from The American Heritage® Dictionary of the English Language, 4th Edition

  • n. An unsettled, uncultivated region left in its natural condition, especially:
  • n. A large wild tract of land covered with dense vegetation or forests.
  • n. An extensive area, such as a desert or ocean, that is barren or empty; a waste.
  • n. A piece of land set aside to grow wild.
  • n. Something characterized by bewildering vastness, perilousness, or unchecked profusion: the wilderness of the city; the wilderness of counterespionage; a wilderness of voices.

from Wiktionary, Creative Commons Attribution/Share-Alike License

  • n. An unsettled and uncultivated tract of land left in its natural state.

from the GNU version of the Collaborative International Dictionary of English

  • n. A tract of land, or a region, uncultivated and uninhabited by human beings, whether a forest or a wide, barren plain; a wild; a waste; a desert; a pathless waste of any kind.
  • n. A disorderly or neglected place.
  • n. Quality or state of being wild; wildness.

from The Century Dictionary and Cyclopedia

  • n. A tract of land inhabited only by wild beasts; a desert, whether forest or plain.
  • n. A wild; a waste of any kind.
  • n. A part of a garden set apart for plants to grow in with unchecked luxuriance.
  • n. A confused or bewildering mass, heap, or collection.
  • n. Wildness.
  • n. Synonyms Wilderness, Desert. See desert.

from WordNet 3.0 Copyright 2006 by Princeton University. All rights reserved.

  • n. a wooded region in northeastern Virginia near Spotsylvania where bloody but inconclusive battles were fought in the American Civil War
  • n. (politics) a state of disfavor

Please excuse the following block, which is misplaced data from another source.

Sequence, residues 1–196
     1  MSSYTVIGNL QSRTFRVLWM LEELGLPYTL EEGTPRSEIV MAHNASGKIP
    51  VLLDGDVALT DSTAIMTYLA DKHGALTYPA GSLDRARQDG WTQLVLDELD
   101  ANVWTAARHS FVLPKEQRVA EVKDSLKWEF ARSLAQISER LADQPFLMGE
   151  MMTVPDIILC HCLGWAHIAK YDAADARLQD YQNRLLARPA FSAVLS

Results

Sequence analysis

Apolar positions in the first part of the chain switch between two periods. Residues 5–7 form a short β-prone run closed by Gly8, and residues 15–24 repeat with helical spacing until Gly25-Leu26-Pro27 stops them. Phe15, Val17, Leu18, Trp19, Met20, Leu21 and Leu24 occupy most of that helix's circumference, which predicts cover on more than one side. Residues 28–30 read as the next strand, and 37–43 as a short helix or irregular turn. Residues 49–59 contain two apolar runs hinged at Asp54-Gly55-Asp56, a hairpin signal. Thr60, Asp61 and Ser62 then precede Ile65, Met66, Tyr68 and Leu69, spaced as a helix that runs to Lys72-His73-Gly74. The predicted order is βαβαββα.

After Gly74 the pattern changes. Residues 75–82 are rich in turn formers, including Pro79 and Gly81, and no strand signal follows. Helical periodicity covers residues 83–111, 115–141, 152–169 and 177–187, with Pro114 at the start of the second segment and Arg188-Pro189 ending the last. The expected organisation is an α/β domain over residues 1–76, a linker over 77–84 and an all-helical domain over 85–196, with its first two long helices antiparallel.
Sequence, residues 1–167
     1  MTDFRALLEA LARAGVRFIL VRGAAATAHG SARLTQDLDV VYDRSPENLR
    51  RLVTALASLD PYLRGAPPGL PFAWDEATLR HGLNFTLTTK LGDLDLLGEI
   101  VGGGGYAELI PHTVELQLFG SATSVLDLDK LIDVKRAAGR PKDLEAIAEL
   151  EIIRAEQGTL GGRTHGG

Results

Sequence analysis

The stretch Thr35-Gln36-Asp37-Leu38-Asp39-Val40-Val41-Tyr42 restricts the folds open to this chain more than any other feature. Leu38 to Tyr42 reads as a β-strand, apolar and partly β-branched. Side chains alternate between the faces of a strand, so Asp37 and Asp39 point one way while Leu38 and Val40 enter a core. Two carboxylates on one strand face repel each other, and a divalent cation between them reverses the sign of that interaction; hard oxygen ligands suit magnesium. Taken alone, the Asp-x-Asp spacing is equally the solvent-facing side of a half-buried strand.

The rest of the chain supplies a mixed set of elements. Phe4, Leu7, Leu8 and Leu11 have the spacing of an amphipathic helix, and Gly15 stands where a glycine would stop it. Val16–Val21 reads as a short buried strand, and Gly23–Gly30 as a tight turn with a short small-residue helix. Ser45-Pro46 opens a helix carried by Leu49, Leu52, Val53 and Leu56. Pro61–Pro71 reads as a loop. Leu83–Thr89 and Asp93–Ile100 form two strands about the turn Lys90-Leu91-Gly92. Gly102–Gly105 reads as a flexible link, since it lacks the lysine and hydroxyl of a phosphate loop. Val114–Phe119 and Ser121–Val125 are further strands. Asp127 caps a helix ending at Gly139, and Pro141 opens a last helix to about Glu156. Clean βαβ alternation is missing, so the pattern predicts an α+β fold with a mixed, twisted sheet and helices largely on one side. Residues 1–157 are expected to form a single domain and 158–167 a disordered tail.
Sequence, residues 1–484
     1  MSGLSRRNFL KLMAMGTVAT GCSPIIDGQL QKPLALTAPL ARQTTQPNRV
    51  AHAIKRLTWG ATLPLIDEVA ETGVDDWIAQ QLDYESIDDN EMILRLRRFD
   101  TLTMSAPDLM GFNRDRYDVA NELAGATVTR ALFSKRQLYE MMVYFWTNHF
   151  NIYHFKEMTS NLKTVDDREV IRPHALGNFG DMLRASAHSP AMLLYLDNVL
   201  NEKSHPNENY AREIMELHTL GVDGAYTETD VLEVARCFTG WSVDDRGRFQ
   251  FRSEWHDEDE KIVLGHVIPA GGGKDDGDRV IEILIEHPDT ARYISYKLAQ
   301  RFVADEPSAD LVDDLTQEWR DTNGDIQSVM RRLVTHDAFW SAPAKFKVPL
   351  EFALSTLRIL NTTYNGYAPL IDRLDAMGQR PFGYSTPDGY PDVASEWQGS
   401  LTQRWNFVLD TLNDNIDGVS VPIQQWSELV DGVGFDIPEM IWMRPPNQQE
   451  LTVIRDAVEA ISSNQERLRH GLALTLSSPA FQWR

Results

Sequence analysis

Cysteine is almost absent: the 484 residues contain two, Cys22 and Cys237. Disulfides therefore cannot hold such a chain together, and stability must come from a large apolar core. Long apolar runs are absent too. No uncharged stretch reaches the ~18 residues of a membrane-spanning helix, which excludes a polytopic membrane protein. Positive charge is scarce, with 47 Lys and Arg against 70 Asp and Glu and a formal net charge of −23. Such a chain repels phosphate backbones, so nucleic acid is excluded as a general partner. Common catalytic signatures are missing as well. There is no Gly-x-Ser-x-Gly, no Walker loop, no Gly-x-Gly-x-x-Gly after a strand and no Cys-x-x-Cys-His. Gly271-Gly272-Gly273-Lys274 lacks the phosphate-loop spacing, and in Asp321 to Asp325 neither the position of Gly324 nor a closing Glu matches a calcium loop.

• n. a bewildering profusion
  • n. a wild and uninhabited area left in its natural condition


from The American Heritage® Dictionary of the English Language, 4th Edition

Middle English, from Old English *wilddēornes, probably from wilddēor, wild beast : wilde, wild + dēor, wild animal.

from Wiktionary, Creative Commons Attribution/Share-Alike License

Either from unattested Old English *wilddēornes (cognate with Dutch wildernis, German Wildnis), or from Old English wilddēoren ("wild, savage") + -nes ("-ness").



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  • "'Wilderness is both the source of, and a repository of, our national myths about who we really are as a people. Yet the people who are left out there, living the myth, are more out of touch with American life and values than ever before. Ironically, we have always held in higher esteem those who make forays into the wilderness than those who live in it. We're creating an environment for ecotourism, but we're eliminating a culture dedicated to living on, and working with, the land.'"

    —James Campbell, The Final Frontiersman (New York and London: Atria Books, 2004), 254–255

    September 17, 2008